Lives of millions of tribesmen living on the Pak-Afghan border are again in danger as the double standard of the rulers has deteriorated the situation, and now a full-scale war has erupted in several parts of the country including tribal areas.
Tribal leaders have been asking the questions as why Taliban and terrorists are imposed on them. It is ironic that Preident Bush and his ally President Musharraf have stated several times that no deal will be made with Taliban in the tribal areas, but the NWFP governor, the controlling authority of the tribal areas, has been trying to strike another deal with Taliban. Due to this double standard millions of tribesmen have been killed or maimed.
Those who have been sent to Taliban for striking deal with them are actually terrorists. They have been harbouring Taliban. According to the law of the land, these all so-called elders should be in jail instead of giving them the status of rulers. In the past they have struck the deals with Taliban in Waziristan, but what is the result of these deals.
According to reports, members of a grand inter-tribal jirga left for Miramshah to help resuscitate a peace agreement with militants in North Waziristan. The jirga members, who were instrumental in brokering the deal between the government and the militants, were flown to Miramshah by helicopters after a meeting with NWFP Governor Ali Mohammad Jan Aurakzai.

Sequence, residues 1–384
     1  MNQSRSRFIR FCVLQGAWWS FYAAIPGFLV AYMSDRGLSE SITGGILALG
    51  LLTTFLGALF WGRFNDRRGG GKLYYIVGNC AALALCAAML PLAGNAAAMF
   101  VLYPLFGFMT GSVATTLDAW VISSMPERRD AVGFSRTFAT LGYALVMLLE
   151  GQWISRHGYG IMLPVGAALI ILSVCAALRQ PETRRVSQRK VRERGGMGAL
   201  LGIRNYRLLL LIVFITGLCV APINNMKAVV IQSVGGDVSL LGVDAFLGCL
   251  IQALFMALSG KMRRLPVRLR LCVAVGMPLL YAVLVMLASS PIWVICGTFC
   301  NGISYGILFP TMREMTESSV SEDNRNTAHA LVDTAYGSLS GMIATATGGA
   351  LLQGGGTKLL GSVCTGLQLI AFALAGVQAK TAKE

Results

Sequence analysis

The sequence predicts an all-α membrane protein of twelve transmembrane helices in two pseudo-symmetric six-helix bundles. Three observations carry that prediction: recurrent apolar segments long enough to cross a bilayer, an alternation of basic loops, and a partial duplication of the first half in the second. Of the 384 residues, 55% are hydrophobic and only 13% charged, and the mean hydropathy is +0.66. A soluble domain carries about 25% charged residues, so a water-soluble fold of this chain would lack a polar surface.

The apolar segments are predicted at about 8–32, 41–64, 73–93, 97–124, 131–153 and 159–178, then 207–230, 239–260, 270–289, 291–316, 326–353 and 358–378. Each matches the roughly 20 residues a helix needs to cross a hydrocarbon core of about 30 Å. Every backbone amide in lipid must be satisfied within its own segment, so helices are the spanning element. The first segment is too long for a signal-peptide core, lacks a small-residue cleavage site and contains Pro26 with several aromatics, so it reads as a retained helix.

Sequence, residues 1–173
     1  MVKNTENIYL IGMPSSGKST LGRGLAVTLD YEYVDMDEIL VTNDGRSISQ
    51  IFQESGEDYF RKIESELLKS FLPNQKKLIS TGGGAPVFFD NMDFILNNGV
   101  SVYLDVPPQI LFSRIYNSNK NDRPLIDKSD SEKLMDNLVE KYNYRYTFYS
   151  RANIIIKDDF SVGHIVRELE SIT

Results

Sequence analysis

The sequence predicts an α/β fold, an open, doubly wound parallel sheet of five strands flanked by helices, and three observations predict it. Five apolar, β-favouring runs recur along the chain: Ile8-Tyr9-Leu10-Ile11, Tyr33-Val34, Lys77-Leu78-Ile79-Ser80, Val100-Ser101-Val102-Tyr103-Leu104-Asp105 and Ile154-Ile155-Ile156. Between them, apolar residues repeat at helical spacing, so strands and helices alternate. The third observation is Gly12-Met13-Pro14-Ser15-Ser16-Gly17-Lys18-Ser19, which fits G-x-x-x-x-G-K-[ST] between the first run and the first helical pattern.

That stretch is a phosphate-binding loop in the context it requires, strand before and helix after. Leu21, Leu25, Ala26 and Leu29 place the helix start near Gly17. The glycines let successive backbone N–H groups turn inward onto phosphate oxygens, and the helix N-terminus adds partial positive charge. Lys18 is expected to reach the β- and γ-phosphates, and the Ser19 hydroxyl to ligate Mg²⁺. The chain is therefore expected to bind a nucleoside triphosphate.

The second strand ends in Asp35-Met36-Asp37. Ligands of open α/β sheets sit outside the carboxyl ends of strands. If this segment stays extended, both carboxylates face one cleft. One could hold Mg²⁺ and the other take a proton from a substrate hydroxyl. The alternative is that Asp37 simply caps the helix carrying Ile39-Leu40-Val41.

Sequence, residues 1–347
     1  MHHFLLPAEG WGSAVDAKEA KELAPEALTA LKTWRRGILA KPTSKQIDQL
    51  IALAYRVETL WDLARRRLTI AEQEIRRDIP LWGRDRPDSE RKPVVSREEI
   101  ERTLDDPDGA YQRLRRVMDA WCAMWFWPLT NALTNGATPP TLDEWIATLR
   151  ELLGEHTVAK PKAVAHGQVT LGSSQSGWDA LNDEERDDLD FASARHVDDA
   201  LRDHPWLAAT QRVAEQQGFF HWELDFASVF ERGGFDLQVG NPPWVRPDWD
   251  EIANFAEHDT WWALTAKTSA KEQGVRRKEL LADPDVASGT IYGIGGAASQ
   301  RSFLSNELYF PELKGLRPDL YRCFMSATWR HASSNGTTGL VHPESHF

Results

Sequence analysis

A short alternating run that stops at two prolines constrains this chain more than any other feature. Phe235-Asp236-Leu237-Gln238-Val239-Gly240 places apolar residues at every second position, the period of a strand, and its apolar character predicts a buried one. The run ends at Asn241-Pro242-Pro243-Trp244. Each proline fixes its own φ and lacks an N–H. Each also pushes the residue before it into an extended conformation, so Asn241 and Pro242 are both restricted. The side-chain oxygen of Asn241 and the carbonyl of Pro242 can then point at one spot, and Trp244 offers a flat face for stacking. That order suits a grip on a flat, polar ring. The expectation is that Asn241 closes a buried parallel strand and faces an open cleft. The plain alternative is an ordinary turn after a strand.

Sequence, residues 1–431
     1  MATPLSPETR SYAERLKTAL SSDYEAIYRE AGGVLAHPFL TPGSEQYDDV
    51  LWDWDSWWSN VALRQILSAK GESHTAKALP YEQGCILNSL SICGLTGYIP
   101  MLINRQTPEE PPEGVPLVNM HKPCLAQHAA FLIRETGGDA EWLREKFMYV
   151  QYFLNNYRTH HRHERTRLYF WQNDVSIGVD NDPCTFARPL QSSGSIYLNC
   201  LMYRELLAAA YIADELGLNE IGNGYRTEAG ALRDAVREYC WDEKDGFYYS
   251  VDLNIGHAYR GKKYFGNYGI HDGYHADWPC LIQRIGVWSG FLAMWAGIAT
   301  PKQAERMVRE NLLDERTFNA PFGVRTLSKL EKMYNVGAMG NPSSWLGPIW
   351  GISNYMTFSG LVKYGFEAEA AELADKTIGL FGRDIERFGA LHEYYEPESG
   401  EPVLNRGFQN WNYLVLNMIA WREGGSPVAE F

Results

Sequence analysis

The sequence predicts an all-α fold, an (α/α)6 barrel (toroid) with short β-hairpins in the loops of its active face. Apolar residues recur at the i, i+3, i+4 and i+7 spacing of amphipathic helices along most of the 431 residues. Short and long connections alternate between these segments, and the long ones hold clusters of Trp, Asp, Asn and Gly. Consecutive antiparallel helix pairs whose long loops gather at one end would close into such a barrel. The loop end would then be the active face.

According to sources, Governor Aurakzai, who was the architect of the agreement, told the jirga members that it were the militants who had violated the deal by failing to evict foreign militants, continuing to cross the border, albeit through Kurram Agency, and carrying out attacks on security forces.
He mentioned the suicide bombing in Gurbaz on July 4 in which 10 people, six of them soldiers, were killed.
He told the jirga members that troops had been deployed at checkpoints after the militants failed to help restore order and cases of kidnapping and car snatching increased.
“It’s better to talk to them than not to talk at all” is how an official characterised the government’s efforts to revive the agreement.
The official said the jirga had not been given any specific mandate. He said it had been sent to do “some sounding and talking”. But he acknowledged that there was little that the government could offer at the time.
The governor said the agreement had helped restore normal life to the troubled region.
“There might have been certain violations of the terms of the agreement from both sides. However, a monitoring committee was in place to take corrective measures all along,” the statement quoted Mr Aurakzai as having said.
Mr Aurakzai criticised the monitoring committee and the local political authorities for their lethargic attitude which resulted in a spate of attacks on law-enforcement agencies by militants.
He urged the jirga members to address the situation in a prudent manner, tighten the loose ends and do some fine-tuning so that the peace accord remained intact, “as it was in the interest of the country in general and the people of Waziristan in particular,” the statement said.
Members of the jirga will return to Peshawar for final talks with the governor after negotiating with the Utmanzai Qaum.
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